miun.sePublications
Change search
CiteExportLink to record
Permanent link

Direct link
Cite
Citation style
  • apa
  • ieee
  • modern-language-association-8th-edition
  • vancouver
  • Other style
More styles
Language
  • de-DE
  • en-GB
  • en-US
  • fi-FI
  • nn-NO
  • nn-NB
  • sv-SE
  • Other locale
More languages
Output format
  • html
  • text
  • asciidoc
  • rtf
The use of emotional paralinguistic cues in monolingual and bilingual children
Mid Sweden University, Faculty of Human Sciences, Department of Psychology.ORCID iD: 0000-0001-7251-5263
Mid Sweden University, Faculty of Human Sciences, Department of Psychology.
2017 (English)Conference paper, Poster (with or without abstract) (Refereed)
Abstract [en]

Until the age of around 7-8 years old, children primarily rely on the lexical content of an utterance rather than on paralinguistic cues (e.g., emotional prosody) to identify a speaker’s emotional state. This bias gradually disappears by the age of 9. From then on, children start using paralinguistic cues to identify their interlocutor’s emotional state, even when the lexical content and paralinguistic cues are incongruent. This skill is important to understand sarcasm and detect lies for instance. Bilinguals must focus on the language used by their interlocutor to determine which language to use, while this is not necessary for monolinguals. This difference could have an effect on how and when the bias disappears for bilinguals. As bilinguals need to be more attentive to the speaker, the bias could disappear earlier. However, as bilinguals need to attend to the language used by the interlocutor to a larger extent, this could hinder emotional prosody processing and delay development. To this end, we designed a study where we asked monolinguals and bilinguals between 6-9 years to identify the emotional valence of spoken words. The words were positive, negative or neutral and were expressed in a happy, angry or neutral tone of voice. The task was to identify either the emotional valence of the word content or the valence of the prosody. Preliminary results show an expected effect of congruence, with more accurate responses to congruent compared to incongruent trials. Further, monolinguals performed better on the lexical content task compared to the emotional prosody task. Although biliguals' overall performance was not better than their monolingual peers, bilingual children seemed to performed equally well on both the lexical content and emotional prosody tasks. Our preliminary results suggest that bilingualism during childhood may affect the course of development of the lexical bias.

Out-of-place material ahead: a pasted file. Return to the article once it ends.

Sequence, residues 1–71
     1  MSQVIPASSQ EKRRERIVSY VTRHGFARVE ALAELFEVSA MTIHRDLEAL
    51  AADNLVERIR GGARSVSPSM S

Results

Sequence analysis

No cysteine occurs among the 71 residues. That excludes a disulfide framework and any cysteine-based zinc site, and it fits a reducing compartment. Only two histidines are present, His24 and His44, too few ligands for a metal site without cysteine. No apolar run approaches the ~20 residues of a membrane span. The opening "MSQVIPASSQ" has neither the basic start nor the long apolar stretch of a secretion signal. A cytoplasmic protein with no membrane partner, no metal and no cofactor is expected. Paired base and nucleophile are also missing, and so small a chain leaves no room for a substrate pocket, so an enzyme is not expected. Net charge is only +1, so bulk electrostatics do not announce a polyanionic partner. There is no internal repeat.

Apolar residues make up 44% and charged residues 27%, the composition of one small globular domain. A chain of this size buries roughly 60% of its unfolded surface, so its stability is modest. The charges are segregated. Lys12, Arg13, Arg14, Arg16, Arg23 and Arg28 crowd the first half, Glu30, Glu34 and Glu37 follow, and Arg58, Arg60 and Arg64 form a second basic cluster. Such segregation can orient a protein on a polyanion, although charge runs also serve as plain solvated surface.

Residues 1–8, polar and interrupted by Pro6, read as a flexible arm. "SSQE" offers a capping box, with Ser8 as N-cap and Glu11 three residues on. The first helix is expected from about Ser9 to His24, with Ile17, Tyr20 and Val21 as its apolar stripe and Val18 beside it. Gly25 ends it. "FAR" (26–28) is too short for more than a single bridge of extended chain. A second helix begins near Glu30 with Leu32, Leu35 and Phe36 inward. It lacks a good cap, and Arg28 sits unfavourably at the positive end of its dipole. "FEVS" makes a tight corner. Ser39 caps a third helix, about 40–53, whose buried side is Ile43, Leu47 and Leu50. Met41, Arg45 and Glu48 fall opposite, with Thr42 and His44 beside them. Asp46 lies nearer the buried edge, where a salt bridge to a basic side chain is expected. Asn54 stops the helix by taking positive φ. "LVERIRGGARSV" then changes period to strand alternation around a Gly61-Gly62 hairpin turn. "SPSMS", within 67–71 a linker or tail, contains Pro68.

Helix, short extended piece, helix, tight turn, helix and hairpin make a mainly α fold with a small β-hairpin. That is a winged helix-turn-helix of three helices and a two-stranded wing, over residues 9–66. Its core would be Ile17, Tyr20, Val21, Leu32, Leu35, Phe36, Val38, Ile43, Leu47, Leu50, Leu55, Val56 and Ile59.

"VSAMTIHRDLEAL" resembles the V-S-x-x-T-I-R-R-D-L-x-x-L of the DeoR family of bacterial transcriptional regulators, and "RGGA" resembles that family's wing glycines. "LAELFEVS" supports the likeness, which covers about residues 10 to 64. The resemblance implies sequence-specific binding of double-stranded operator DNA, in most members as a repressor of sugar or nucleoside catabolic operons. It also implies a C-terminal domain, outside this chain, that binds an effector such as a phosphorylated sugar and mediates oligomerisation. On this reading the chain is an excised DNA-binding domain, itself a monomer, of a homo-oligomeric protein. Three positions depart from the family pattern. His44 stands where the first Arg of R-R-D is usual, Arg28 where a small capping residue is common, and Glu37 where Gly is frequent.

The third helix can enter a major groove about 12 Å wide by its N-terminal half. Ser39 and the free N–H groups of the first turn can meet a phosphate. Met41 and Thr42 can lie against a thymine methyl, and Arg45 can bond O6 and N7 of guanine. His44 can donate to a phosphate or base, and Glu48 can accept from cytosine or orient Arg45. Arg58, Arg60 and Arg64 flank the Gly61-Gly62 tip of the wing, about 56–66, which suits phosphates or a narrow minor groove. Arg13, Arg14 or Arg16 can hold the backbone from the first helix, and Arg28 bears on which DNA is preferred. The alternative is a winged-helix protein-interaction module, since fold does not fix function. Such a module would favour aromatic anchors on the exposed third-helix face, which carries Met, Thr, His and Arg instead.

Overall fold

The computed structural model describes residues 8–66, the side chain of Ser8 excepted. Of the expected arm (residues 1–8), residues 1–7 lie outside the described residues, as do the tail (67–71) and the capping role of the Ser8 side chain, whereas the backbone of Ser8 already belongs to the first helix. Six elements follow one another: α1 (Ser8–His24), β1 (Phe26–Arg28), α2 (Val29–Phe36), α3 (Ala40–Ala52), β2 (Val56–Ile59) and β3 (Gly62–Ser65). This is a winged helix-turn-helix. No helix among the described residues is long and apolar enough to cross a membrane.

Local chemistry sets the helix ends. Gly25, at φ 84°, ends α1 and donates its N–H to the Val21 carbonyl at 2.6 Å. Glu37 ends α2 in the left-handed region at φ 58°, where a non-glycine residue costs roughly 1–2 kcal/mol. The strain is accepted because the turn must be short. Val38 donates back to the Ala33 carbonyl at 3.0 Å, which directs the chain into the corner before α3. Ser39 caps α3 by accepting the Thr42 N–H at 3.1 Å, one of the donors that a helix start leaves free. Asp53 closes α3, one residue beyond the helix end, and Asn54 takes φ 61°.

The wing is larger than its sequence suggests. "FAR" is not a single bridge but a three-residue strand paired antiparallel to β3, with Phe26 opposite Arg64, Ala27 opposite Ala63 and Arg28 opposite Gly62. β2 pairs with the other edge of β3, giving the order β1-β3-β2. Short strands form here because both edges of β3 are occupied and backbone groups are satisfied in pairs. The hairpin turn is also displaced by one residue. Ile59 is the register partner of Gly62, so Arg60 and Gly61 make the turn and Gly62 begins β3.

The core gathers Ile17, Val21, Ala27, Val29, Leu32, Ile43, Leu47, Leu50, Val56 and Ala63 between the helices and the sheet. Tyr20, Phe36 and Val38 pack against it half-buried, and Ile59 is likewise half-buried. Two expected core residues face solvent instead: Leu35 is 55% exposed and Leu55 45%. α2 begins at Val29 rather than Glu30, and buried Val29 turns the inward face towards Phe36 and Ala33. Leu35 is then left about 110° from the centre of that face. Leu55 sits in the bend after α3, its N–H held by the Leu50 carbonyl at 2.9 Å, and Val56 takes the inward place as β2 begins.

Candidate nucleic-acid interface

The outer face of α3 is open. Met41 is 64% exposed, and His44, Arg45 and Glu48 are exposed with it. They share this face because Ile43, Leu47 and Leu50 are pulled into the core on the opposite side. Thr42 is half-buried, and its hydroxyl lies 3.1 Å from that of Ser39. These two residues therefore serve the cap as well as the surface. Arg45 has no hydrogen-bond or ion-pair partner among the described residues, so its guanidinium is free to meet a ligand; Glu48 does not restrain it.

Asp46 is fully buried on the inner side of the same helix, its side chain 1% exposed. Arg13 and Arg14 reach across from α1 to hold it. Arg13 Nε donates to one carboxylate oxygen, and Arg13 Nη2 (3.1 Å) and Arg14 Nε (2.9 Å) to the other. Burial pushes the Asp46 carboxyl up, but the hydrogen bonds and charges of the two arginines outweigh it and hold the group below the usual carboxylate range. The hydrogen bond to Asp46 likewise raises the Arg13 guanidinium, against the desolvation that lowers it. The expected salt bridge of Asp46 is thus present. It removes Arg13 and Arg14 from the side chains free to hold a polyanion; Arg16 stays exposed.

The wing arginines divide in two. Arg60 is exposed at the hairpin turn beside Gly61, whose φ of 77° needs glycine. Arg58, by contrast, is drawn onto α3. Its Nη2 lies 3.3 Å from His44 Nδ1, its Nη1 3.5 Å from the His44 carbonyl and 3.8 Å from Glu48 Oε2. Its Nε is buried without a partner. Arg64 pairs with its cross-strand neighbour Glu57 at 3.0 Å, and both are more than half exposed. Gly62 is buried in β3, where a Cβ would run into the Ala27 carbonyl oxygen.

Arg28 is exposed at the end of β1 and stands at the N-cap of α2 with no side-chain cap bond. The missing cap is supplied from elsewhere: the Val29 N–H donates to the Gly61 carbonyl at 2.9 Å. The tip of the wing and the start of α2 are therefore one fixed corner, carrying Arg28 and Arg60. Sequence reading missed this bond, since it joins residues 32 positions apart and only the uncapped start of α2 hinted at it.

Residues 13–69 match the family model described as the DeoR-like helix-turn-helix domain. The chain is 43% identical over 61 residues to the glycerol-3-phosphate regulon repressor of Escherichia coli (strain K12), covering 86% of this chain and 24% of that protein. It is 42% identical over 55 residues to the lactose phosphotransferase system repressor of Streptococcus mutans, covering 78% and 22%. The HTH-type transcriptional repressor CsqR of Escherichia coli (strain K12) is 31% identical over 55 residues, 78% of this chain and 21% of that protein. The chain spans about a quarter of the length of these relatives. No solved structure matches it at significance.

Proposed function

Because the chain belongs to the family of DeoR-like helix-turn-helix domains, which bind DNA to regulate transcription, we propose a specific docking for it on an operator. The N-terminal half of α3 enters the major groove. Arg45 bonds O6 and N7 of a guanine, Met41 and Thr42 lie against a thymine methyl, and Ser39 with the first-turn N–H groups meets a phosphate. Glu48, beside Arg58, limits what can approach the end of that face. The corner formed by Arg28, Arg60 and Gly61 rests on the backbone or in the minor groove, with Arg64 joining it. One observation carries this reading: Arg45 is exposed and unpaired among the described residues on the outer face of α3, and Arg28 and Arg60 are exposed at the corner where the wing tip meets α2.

Place, publisher, year, edition, pages
2017.
National Category
Psychology
Identifiers
URN: urn:nbn:se:miun:diva-32164OAI: oai:DiVA.org:miun-32164DiVA, id: diva2:1160605
Conference
Conference on Multilingualism 2017, Groningen, Netherlands, November 6-8, 2017
Available from: 2017-11-27 Created: 2017-11-27 Last updated: 2017-11-28Bibliographically approved

Open Access in DiVA

No full text in DiVA

Authority records BETA

Champoux-Larsson, Marie-FranceDylman, Alexandra

Search in DiVA

By author/editor
Champoux-Larsson, Marie-FranceDylman, Alexandra
By organisation
Department of Psychology
Psychology

Search outside of DiVA

GoogleGoogle Scholar

urn-nbn

Altmetric score

urn-nbn
Total: 32 hits
CiteExportLink to record
Permanent link

Direct link
Cite
Citation style
  • apa
  • ieee
  • modern-language-association-8th-edition
  • vancouver
  • Other style
More styles
Language
  • de-DE
  • en-GB
  • en-US
  • fi-FI
  • nn-NO
  • nn-NB
  • sv-SE
  • Other locale
More languages
Output format
  • html
  • text
  • asciidoc
  • rtf